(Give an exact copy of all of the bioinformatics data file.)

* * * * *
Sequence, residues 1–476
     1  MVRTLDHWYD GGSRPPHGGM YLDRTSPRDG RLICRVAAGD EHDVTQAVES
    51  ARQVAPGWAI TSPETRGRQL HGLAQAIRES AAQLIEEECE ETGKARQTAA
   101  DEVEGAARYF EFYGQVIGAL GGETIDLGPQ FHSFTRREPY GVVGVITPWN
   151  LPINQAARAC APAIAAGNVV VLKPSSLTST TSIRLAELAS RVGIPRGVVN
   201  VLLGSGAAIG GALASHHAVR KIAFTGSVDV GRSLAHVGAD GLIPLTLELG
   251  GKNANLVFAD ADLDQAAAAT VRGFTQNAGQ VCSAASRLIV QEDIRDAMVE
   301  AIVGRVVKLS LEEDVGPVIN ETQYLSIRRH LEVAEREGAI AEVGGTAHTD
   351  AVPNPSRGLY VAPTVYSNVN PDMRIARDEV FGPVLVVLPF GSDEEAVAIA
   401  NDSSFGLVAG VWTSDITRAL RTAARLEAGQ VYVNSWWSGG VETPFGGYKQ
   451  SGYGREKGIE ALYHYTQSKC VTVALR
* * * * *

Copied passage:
Sequence, residues 1–476
     1  MVRTLDHWYD GGSRPPHGGM YLDRTSPRDG RLICRVAAGD EHDVTQAVES
    51  ARQVAPGWAI TSPETRGRQL HGLAQAIRES AAQLIEEECE ETGKARQTAA
   101  DEVEGAARYF EFYGQVIGAL GGETIDLGPQ FHSFTRREPY GVVGVITPWN
   151  LPINQAARAC APAIAAGNVV VLKPSSLTST TSIRLAELAS RVGIPRGVVN
   201  VLLGSGAAIG GALASHHAVR KIAFTGSVDV GRSLAHVGAD GLIPLTLELG
   251  GKNANLVFAD ADLDQAAAAT VRGFTQNAGQ VCSAASRLIV QEDIRDAMVE
   301  AIVGRVVKLS LEEDVGPVIN ETQYLSIRRH LEVAEREGAI AEVGGTAHTD
   351  AVPNPSRGLY VAPTVYSNVN PDMRIARDEV FGPVLVVLPF GSDEEAVAIA
   401  NDSSFGLVAG VWTSDITRAL RTAARLEAGQ VYVNSWWSGG VETPFGGYKQ
   451  SGYGREKGIE ALYHYTQSKC VTVALR